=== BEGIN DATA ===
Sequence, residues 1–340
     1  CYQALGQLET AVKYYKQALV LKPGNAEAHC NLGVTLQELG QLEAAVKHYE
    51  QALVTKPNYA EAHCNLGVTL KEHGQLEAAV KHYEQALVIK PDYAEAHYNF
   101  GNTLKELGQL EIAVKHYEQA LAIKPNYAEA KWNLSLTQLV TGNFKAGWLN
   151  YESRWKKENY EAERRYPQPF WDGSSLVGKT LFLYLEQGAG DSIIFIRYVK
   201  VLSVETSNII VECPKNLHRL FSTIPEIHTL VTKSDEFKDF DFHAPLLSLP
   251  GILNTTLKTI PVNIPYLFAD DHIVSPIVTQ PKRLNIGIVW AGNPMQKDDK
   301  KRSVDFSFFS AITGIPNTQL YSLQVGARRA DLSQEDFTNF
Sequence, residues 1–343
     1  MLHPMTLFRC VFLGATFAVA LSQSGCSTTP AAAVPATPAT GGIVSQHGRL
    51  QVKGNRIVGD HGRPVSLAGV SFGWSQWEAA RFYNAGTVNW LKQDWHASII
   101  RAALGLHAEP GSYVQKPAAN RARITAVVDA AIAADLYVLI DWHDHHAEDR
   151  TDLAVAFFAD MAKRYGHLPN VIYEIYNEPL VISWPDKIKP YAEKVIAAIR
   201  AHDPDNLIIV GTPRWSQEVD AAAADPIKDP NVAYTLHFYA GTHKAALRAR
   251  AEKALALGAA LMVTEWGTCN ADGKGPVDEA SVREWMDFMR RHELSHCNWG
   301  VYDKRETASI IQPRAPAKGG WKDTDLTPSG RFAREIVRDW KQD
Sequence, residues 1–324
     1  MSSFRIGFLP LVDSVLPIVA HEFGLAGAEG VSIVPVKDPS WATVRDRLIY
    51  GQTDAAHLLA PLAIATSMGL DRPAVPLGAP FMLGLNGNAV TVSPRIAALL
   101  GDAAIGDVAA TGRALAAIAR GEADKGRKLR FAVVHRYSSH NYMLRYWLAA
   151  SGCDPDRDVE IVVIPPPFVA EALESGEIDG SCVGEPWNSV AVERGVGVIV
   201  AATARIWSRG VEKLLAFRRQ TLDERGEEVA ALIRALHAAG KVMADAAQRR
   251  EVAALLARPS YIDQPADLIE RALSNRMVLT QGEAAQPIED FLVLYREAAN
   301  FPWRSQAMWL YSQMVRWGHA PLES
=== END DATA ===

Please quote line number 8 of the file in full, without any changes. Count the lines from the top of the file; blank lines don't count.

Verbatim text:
   301  KRSVDFSFFS AITGIPNTQL YSLQVGARRA DLSQEDFTNF